My Big Fat Greek Wedding (2002)


(director: Joel Zwick; screenwriter: Nia Vardalos; cinematographer: Jeff Jur; editor: Mia Goldman; music: Xandy Janko; cast: Nia Vardalos (Toula Portokalos), John Corbett (Ian Miller), Michael Constantine (Gus Portokalos), Lainie Kazan (Maria Portokalos), Andrea Martin (Aunt Voula), Joey Fatone (Angelo), Louis Mandylor (Nick Portokalos), Bruce Gray (Rodney Miller), Fiona Reid (Harriet Miller), Ian Gomez (Mike), Stavroula Logothettis (Athena), Gia Carides (Nikki), Bess Meisler (Yiayia); Runtime: 95; IFC Films; 2002)

“This romantic/comedy asks the question how much souvlaki can you take before indigestion sets in.”

Reviewed by Dennis Schwartz

This romantic/comedy asks the question how much souvlaki can you take before indigestion sets in. It’s a non-stop ethnic joke film, where there is an unhealthy dose of eccentric characters and familiar running gags and set-up comic situations that you can see coming from a mile away. This is the kind of sentimental sitcom film that does everything it can to be liked and become a crowd pleaser. It has a grandmother fresh from Greece and dressed in a black shroud, who points her finger at everyone in disgust because she thinks they are Turks. There’s Aunt Voula (Andrea Martin), who has this weird look in her eyes and is the funniest one in the film. When she’s faced with serving a vegetarian teacher, she says she’ll cook him lamb as if that’s a vegetarian staple. There’s also a cousin of Nikki’s, whose main virtue is that she has big boobs and loves to show them off. To take care of the atmospheric part there’s plenty of ouzo to drink, Greek dancing, and lots of ethnic love and traditional folk music. The film’s box-office success comes from word of mouth, not from much film critic acclaim.

It’s a tale of intermarriage between a large and noisy Greek family and a dry and polite Wasp family. The humor is all about ethnic nagging and stereotype jokes referring to Greeks and Wasps as people with different genes. It’s all rather tame stuff and geared for an audience that doesn’t mind seeing a television kind of drama that is fit for the bland 1950s, or for those who just want to be lightly entertained by something warm-hearted after 9/11.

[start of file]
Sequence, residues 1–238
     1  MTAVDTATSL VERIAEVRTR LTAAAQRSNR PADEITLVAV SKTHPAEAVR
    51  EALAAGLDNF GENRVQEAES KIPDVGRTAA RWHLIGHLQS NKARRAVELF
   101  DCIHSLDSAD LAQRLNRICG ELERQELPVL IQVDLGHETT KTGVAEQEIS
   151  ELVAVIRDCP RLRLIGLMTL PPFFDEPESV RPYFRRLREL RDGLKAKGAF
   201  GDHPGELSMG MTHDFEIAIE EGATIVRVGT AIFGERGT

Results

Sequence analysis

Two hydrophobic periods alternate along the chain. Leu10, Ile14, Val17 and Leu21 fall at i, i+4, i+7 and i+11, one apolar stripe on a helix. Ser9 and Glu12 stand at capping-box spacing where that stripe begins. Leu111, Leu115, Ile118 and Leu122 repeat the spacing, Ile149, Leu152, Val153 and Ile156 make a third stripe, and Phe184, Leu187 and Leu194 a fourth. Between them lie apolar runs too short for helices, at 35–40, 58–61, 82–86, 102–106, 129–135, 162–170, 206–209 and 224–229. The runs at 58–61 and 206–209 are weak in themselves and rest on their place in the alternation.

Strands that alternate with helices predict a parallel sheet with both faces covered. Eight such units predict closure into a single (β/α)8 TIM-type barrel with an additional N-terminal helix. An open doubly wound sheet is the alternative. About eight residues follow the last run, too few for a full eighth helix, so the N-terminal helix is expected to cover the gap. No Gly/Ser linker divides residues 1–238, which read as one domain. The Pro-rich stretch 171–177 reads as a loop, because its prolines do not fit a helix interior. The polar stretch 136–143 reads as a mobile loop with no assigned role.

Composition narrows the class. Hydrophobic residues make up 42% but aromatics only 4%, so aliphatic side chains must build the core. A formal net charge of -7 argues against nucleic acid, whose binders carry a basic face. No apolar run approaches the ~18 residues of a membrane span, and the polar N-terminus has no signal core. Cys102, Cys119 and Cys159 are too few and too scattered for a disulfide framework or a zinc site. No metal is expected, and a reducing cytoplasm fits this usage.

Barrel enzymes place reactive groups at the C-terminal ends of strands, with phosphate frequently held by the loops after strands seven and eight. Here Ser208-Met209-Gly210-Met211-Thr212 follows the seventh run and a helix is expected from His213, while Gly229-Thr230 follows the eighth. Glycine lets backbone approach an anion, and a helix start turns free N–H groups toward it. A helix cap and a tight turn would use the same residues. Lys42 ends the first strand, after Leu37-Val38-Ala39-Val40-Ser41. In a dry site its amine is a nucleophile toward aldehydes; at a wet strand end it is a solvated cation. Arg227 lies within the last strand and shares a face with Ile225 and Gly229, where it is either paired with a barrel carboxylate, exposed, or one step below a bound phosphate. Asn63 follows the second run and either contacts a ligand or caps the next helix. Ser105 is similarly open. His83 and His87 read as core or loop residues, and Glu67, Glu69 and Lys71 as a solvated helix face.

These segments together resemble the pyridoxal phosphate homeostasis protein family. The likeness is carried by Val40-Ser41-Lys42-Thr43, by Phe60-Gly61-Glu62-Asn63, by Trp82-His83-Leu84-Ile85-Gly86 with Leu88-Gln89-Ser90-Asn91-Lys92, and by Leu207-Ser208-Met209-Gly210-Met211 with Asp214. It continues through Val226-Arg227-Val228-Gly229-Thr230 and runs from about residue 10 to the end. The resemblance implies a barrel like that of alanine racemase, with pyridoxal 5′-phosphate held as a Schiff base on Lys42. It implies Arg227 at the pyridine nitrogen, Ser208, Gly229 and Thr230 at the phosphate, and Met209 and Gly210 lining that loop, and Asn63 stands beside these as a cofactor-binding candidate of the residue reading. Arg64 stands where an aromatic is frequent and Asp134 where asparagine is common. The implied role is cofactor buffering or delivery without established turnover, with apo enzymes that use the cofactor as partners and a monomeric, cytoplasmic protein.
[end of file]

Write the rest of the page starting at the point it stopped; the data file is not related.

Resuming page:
My Big Fat Greek Wedding is based upon the one-woman show in L.A. by Nia Vardalos. She’s a veteran performer from Second City improvisation troupe in Chicago. In the film adaptation she’s the screenwriter and star. She’s pictured as a frumpy unmarried virgin, the eldest of three children, the 30-year-old Toula (Vardalos), who works as a seating hostess in her parents’ Chicago Greek restaurant (Dancing Zorba’s) and wonders if life has passed her by. Her younger sister Athena is married to a Greek and the youngest one in the family, her jokester brother Nick, only dates Greek women. She is shamed by her nagging immigrant father Gus (Michael Constantine) calling her old. He wants her to get married to a nice Greek boy and believes everything Greek is right. His two other shticks are that he goes around with a Windex sprayer because he believes a little squirt can cure anything and he has the uncanny ability to find the Greek root for any word, even kimono. His obedient wife Maria (Lainie Kazan) handles her secondary role in the house philosophically by saying: “her hubby might be the head of the house, but she’s the neck. And, the head can’t move without the neck.”

After taking one look at the long-haired hunk English high school teacher Ian Miller (John Corbett), who came into her diner, Toula falls madly in love and decides to have a makeover. She gets a new hairstyle, dons designer clothes and contact lenses, and enrolls for a college computer course. She then changes jobs and works in Aunt Voula’s travel agency after getting mom to trick her father into going for this move. Here she meets Ian again and begins their sugary relationship. The predictable plot goes through the following: the drill of the father forbidding the daughter to see the non-Greek, their secret romance and necking in the car, the boy’s Waspish parents serving as an amusing contrast to her loud and close-knit family of 27 first cousins, a cousin spotting them kissing in the parking lot and it getting back to the enraged father through the family grapevine; and, then of course, there’s the wedding after he gets baptized in the Greek Orthodox Church. No conversion meant no acceptance into the family, which speaks volumes of how accepting a family this is. But the filmmaker makes no big deal of this and expects the viewer to overlook it and only notice that Ian is so much in love that he will do anything to please Toula.

The film gets the laughs it so maneuvers for due to Nia Vardalos knowing her autobiographical material so well, but the uninspired direction by television regular Zwick leaves no lasting impression. This Greek film could easily be substituted for any other ethnic group such as Jewish or Italian and you would have the same sitcom. It’s a pedestrian work. I wasn’t excited about the parodies of either culture and certainly didn’t view this as a woman’s lib film. It’s hard to see this film as rising above the low ethnic bar it set for itself.